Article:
My new title, ARDEN COURT, is actually not new. I wrote it nearly twenty years ago. It’s a short novel (45,000 words), as opposed to a “novella” (20,000-35,000 words), but that’s a matter of semantics. Originally intended as a full-length novel, my next one after SCAVENGER (2000), it developed a mind of its own and morphed into a shorter work, even as I was writing it. I seemed to know instinctively that it would have to be brief in order to create the desired effect. My agent told me it was too short to be published on its own, which was true at that time. I set it aside, sleeping in a file in my computer, waiting for better days.
Three years ago, I gathered several of my short mystery stories together for my first collection, JUMBIE TEA AND OTHER THINGS. The seven stories weren’t enough for a full-length work, so I decided to add my never-before-published short novel to round it out. I updated and polished ARDEN COURT, and presented it as the finale to the collection. That might have been the end of its publishing history, but recent events in America and the world prompted me to look at it again.
On rereading ARDEN COURT, I realized that I’d written a story with a message. I don’t usually do that; my thrillers are tense and visceral and (I hope) surprising, but they aren’t usually tales with morals like Aesop’s fables. But ARDEN COURT actually has something to say.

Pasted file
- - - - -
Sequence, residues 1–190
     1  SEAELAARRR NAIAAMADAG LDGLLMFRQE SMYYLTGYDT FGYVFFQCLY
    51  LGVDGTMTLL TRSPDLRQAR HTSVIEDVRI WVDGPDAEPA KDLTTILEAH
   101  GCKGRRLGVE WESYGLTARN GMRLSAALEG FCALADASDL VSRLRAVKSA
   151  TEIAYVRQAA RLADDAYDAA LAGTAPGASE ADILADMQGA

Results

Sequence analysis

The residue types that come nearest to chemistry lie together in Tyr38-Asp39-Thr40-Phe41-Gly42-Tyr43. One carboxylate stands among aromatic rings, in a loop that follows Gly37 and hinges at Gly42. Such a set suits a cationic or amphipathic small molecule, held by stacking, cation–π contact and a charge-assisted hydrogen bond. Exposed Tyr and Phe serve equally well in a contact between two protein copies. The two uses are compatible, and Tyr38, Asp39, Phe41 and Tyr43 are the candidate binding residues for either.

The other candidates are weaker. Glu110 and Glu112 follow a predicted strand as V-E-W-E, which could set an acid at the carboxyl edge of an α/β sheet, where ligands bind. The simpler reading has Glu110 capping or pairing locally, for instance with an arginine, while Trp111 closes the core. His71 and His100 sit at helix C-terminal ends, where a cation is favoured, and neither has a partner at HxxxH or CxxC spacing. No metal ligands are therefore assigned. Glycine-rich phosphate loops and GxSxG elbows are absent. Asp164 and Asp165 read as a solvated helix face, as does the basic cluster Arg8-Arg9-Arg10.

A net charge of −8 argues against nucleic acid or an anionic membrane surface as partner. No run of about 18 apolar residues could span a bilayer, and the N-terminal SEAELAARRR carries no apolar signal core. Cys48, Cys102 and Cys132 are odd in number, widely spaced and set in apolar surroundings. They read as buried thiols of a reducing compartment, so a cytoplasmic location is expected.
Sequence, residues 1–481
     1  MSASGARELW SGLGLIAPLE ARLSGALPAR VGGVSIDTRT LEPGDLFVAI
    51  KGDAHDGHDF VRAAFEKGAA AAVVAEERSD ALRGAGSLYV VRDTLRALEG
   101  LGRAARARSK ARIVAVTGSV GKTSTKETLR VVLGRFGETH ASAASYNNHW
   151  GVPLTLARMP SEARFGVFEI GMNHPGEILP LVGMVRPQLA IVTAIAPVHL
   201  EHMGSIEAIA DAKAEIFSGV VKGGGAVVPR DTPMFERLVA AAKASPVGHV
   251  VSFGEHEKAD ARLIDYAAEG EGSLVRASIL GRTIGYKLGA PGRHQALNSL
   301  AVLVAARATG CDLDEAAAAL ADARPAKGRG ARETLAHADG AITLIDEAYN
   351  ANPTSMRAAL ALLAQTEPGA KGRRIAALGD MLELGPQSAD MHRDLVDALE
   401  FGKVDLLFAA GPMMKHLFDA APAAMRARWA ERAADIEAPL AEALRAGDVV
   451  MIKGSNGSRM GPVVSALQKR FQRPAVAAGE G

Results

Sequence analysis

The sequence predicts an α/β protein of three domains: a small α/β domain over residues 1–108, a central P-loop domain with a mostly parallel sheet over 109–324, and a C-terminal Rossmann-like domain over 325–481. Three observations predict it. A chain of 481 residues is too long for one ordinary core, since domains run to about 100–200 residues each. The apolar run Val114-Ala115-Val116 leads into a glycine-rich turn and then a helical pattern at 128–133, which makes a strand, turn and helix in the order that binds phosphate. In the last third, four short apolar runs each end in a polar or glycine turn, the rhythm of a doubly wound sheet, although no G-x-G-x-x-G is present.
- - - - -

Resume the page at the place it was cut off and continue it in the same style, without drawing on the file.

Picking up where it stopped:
I’m not going to tell you the plot of the story, but it’s essentially a “fem jep,” a woman-in-distress nightmare. When I wrote it all those years ago, I was simply imagining a sort of worst-case scenario for my heroine—the most horrible thing I could think of for her to confront. That was then, this is now. Now, the theme of ARDEN COURT is suddenly relevant, and the shocking situation that was a fantasy in 2000 is something else. So, I’ve decided to publish the work on its own for the first time.
America and the world are currently facing dark times, so dark that my clever horror story from 2000 is now a prescient portrait of 2018 and beyond. Writers usually feel satisfaction when we “get things right,” but this particular case gives me no joy. I think ARDEN COURT is a pretty solid little thriller, and I hope people enjoy reading it, but I fervently hope that my once-outrageous theme manages to remain what I intended it to be: fiction.